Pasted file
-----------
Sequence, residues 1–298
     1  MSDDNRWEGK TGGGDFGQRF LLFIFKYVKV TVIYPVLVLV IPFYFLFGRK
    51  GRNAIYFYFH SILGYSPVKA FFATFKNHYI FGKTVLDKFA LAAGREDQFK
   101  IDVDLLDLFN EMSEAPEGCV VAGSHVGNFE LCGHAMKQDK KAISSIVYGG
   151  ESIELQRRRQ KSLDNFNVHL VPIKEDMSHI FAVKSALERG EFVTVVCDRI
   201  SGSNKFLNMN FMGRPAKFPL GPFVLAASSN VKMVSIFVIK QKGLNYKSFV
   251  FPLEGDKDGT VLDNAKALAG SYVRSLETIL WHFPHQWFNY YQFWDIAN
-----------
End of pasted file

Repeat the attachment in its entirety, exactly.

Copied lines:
Sequence, residues 1–298
     1  MSDDNRWEGK TGGGDFGQRF LLFIFKYVKV TVIYPVLVLV IPFYFLFGRK
    51  GRNAIYFYFH SILGYSPVKA FFATFKNHYI FGKTVLDKFA LAAGREDQFK
   101  IDVDLLDLFN EMSEAPEGCV VAGSHVGNFE LCGHAMKQDK KAISSIVYGG
   151  ESIELQRRRQ KSLDNFNVHL VPIKEDMSHI FAVKSALERG EFVTVVCDRI
   201  SGSNKFLNMN FMGRPAKFPL GPFVLAASSN VKMVSIFVIK QKGLNYKSFV
   251  FPLEGDKDGT VLDNAKALAG SYVRSLETIL WHFPHQWFNY YQFWDIAN